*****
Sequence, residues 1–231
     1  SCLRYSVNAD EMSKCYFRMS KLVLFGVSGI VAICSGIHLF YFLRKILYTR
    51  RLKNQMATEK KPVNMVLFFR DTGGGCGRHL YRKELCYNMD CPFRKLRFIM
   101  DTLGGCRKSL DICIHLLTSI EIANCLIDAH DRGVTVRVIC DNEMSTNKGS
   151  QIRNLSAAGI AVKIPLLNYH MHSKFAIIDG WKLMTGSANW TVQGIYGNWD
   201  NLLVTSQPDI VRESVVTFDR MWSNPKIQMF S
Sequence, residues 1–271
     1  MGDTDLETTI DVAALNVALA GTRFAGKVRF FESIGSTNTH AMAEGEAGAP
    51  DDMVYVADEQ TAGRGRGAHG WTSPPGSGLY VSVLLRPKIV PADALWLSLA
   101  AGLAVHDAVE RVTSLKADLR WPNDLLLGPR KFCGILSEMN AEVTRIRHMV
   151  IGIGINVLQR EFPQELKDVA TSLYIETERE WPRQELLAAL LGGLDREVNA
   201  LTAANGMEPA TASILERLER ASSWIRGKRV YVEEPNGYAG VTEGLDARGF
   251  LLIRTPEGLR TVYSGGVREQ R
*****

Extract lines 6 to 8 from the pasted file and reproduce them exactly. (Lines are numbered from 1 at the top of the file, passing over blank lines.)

   201  NLLVTSQPDI VRESVVTFDR MWSNPKIQMF S
Sequence, residues 1–271
     1  MGDTDLETTI DVAALNVALA GTRFAGKVRF FESIGSTNTH AMAEGEAGAP